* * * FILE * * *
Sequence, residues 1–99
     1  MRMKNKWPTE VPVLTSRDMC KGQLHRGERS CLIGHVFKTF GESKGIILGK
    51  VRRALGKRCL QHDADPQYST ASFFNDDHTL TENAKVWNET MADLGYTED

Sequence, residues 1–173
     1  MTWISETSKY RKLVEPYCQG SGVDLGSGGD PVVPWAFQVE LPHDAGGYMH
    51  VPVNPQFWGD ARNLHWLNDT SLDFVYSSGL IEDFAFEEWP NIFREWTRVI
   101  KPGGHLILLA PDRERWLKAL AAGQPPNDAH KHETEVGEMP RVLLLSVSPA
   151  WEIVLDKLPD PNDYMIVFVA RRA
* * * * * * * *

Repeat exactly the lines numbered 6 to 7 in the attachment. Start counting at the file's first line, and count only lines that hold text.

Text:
    51  VPVNPQFWGD ARNLHWLNDT SLDFVYSSGL IEDFAFEEWP NIFREWTRVI
   101  KPGGHLILLA PDRERWLKAL AAGQPPNDAH KHETEVGEMP RVLLLSVSPA